Defining Work-Life Wellness

Work-life balance is a common term used to describe finding balance between work and personal life commitments. However, a study has shown that “work-life balance” as a term does not seem to cut it for people who do not feel particularly balanced.[i] Work-life balance seems to imply that your time at work and home need to balance which is just not practical for most people.

While doing research for a study on entrepreneurs with Calgary Career Counselling’s founder, Dr. Laura Hambley, I searched for a term to replace work-life balance. Work-life integration popped out as a popular term in the research, defined as blending work and personal life.[ii] Unfortunately, the notion of blending work and personal can be problematic since highly integrated lifestyles are often related to lower work-life balance.[iii] One reason for this is that people who integrate their work with their personal life may have trouble setting boundaries and making time for what is important. Since work-life integration is opposed to work-life balance, it does not make sense to use it as the new term for work-life balance.

Exhausting our other options, Dr. Laura Hambley and I then investigated the term work-life wellness. Only finding this term on a handful of industry websites describing employee health, work-life wellness was simply not being used by researchers to describe how people manage their personal life and work. Why not? It’s a catchy term and it describes what we are all longing for – the ability to be well in different aspects of our lives and feel well about the connection between work and home.

Seeking Out Work-Life Wellness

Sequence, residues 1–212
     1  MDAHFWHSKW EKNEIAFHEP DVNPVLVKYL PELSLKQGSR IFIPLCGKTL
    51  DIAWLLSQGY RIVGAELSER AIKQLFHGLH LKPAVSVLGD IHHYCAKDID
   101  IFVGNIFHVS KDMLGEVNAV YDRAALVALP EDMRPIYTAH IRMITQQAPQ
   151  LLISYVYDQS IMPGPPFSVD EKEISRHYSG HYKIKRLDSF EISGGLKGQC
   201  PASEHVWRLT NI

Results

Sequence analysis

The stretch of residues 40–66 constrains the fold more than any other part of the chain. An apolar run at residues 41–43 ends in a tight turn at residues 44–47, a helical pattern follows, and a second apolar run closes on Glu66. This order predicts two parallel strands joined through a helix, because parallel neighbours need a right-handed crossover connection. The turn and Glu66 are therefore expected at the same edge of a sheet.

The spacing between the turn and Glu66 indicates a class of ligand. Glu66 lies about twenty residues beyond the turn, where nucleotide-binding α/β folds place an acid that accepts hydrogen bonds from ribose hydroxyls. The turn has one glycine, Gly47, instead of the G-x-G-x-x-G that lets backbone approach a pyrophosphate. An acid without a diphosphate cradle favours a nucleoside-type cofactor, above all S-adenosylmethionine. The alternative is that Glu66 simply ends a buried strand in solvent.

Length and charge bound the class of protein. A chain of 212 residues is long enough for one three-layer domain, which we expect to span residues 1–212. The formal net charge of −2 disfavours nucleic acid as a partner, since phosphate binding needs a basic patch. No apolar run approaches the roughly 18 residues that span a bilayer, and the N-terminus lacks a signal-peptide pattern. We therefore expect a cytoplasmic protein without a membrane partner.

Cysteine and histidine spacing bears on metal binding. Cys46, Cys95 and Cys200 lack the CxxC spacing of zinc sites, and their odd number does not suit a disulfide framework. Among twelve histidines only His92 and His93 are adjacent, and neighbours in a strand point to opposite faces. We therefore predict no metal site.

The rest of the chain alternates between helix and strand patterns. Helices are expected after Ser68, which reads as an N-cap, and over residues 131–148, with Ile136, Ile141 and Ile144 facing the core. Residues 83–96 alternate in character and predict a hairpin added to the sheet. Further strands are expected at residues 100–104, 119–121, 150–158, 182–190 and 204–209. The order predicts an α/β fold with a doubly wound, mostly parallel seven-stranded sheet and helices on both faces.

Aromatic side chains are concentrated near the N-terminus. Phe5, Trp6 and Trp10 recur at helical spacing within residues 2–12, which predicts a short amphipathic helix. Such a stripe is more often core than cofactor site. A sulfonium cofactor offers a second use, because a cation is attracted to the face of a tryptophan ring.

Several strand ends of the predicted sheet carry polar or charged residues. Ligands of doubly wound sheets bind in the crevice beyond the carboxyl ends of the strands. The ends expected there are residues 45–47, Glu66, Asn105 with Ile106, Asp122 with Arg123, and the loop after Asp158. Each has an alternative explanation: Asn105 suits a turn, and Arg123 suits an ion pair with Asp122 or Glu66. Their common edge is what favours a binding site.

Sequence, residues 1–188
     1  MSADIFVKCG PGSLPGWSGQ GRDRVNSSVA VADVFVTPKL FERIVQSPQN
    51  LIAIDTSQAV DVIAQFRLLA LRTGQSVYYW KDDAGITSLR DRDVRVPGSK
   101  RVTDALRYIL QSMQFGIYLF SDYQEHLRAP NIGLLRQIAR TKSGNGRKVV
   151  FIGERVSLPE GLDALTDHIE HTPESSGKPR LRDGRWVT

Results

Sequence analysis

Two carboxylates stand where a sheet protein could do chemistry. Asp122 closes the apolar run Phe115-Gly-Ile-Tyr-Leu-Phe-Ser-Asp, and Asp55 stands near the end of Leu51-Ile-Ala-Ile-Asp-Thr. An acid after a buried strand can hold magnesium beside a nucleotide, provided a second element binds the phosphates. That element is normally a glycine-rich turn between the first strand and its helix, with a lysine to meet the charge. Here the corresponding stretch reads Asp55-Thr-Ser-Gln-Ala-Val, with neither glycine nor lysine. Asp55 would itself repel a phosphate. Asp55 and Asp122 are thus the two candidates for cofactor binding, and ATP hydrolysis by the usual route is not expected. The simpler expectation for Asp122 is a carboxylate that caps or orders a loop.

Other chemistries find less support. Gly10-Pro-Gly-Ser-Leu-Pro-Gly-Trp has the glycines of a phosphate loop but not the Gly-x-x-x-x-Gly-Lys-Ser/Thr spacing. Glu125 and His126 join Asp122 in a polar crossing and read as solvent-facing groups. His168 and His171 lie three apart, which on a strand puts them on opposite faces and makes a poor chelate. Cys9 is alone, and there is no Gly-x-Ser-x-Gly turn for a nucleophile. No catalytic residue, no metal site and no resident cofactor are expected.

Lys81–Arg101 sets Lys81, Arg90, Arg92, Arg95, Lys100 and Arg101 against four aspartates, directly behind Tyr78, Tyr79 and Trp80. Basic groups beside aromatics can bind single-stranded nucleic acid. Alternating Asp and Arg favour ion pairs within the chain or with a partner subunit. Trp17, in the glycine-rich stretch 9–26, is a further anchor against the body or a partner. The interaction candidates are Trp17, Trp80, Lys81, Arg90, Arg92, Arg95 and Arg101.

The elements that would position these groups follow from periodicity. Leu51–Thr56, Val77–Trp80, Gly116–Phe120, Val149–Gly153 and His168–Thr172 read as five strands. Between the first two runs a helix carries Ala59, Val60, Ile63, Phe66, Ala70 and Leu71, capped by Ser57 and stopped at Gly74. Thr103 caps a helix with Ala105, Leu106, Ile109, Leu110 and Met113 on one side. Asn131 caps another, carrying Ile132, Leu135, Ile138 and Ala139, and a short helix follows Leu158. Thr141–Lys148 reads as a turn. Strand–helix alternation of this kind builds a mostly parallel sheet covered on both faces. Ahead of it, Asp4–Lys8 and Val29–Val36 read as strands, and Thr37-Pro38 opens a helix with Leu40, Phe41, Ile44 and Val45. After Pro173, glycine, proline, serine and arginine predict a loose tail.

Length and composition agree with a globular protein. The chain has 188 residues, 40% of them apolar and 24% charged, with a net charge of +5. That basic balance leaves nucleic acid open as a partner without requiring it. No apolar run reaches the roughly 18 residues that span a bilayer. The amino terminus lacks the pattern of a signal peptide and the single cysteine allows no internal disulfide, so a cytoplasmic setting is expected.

How can we implement work-life wellness in our everyday lives? Here are a few tips:

  • Set boundaries: make daily goals and schedule time for both work activities and personal activities.
  • Be focused: notice what time of the day you are most productive and tackle more complex tasks during that time.
  • Minimize interruptions: dedicate a certain area to work only and silence non-urgent notifications while working.
  • Establish routines: implement work start-up and slow-down rituals and take scheduled breaks.

Blog by Becky Como
BA Psychology Honours Student
Administrator for Calgary Career Counselling

 

Sources:

[i] Soni, P., & Bakhru, K. M. (2019). Understanding triangulated collaboration of work-life balance, personality traits and eudaimonic well-being. Problems and Perspectives in Management, 17(2), 63–82. https://doi.org/10.21511/ppm.17(2).2019.05

[ii] Brower, T. (2012). Making it work: Corporate executive opinions on work-life support. 73, 1089. Retrieved from http://search.ebscohost.com/login.aspx?direct=true&db=psyh&AN=2012-99170-242&site=ehost-live

[iii] Wepfer, A. G., Allen, T. D., Brauchli, R., Jenny, G. J., & Bauer, G. F. (2018). Work-Life Boundaries and Well-Being: Does Work-to-Life Integration Impair Well-Being through Lack of Recovery? Journal of Business and Psychology, 33(6), 727–740. https://doi.org/10.1007/s10869-017-9520-y; Li, Y., Miao, L., Zhao, X., & Lehto, X. (2013). When family rooms become guest lounges: Work-family balance of B&B innkeepers. International Journal of Hospitality Management, 34(1), 138–149. https://doi.org/10.1016/j.ijhm.2013.03.002